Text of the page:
Tuesday, 12 August 2008

Carbon-neutral credibility

As Dell becomes the latest corporation to trumpet its carbon neutral status, I'm wondering whether they've shot themselves in the foot. Until now, I've been impressed with Dell's sustainability efforts - they seem sincere and they've made some good improvements. But in order to claim carbon neutral status requires carbon offsetting - and that, for me, is where the rot sets in. The theory that you can compensate for your own emissions by paying somebody else to reduce theirs just doesn't stand up - for an illustration of this visit cheatneutral.com.

I'm not against carbon offsetting per se - take air travel as an example. Even if you do your best to avoid flying to meetings, sometimes in a global ecomomy there's no alternative. When you've exhausted all the other options, incurring a specific carbon impact and then offsetting it is OK. But that doesn't make the activity carbon neutral. What offsetting does is neutralise both the negative carbon impact of the act you wish to offset and the positive carbon impact of the action taken to offset it. At best, it gets us back to square one (although that depends on the effectiveness of the offsetting project - and that's a whole new can of worms). It's just a gesture.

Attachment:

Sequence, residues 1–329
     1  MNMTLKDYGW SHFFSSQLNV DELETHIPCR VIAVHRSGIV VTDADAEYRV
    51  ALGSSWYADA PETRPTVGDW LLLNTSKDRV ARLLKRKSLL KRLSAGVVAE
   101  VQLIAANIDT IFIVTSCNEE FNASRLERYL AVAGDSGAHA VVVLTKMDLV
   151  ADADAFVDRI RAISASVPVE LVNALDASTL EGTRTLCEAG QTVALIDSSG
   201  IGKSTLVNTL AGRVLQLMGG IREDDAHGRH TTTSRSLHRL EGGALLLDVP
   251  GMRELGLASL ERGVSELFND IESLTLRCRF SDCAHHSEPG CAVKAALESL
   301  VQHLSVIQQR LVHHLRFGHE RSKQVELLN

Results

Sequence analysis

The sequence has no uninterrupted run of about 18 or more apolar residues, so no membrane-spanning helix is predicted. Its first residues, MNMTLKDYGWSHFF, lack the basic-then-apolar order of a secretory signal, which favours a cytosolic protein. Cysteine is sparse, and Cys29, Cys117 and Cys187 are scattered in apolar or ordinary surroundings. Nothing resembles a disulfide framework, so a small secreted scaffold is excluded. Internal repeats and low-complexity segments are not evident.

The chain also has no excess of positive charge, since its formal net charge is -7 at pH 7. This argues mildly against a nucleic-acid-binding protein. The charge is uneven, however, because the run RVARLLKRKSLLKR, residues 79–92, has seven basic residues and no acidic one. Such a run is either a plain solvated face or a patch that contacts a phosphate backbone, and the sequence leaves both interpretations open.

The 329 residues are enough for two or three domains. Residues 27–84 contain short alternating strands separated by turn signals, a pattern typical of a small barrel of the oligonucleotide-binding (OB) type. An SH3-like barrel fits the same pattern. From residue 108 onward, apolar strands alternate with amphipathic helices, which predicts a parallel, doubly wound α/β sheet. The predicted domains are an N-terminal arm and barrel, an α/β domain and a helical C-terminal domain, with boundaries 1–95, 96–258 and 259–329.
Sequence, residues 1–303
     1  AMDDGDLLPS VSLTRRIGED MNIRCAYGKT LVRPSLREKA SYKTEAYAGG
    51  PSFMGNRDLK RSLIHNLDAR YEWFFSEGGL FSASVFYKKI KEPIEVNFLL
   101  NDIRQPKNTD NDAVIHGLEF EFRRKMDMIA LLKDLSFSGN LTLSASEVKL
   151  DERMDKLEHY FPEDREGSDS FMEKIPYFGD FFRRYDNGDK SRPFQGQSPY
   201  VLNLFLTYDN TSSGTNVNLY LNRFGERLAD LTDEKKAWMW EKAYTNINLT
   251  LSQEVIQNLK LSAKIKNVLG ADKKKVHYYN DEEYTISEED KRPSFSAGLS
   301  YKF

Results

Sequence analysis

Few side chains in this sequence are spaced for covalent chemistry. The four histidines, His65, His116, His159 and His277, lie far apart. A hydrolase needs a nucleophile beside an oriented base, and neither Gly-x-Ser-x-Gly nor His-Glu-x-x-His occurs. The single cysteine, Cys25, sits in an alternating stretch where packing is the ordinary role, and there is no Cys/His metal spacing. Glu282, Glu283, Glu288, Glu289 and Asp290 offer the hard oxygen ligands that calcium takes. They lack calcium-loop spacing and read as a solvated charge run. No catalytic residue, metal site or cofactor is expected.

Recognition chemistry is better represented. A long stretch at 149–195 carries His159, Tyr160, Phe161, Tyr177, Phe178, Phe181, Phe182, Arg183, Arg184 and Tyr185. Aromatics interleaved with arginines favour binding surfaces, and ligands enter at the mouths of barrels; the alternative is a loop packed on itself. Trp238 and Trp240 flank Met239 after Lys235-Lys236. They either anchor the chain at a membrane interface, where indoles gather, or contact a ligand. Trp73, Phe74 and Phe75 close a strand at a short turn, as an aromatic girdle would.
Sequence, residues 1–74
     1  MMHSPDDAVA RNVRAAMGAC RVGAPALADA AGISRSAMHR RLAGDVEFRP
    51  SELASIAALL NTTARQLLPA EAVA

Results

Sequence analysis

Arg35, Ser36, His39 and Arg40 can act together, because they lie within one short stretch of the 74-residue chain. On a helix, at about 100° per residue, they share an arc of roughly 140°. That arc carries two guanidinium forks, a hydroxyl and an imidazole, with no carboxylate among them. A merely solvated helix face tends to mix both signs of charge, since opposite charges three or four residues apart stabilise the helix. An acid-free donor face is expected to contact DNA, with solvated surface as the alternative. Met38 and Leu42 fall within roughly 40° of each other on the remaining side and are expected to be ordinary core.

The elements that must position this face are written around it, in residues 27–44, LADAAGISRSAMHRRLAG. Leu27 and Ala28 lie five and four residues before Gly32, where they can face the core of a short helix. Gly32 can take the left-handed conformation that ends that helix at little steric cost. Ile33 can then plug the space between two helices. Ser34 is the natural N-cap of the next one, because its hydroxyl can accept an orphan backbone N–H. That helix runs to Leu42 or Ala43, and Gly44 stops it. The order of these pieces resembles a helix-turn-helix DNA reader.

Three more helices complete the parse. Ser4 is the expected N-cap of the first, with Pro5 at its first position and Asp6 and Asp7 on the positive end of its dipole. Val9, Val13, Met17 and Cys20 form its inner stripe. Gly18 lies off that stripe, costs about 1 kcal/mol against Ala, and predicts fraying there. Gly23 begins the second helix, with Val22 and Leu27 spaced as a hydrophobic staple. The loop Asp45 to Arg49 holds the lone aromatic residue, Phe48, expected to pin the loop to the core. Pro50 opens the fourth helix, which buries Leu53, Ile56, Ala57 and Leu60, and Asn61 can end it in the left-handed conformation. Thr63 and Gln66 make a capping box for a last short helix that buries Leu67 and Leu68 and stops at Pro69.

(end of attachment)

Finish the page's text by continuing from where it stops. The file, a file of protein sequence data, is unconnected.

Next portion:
Personally, I find it more credible when a company claims to be low carbon. This acknowledges the fact that the vast majority of businesses have a detrimental carbon impact, and that the best we can hope to achieve is to reduce it. By all means take some steps to help mitigate these impacts by investing in carbon-positive projects - and even pick some individual impacts to offset. But to claim that any of this makes your business carbon-neutral is just disingenuous.

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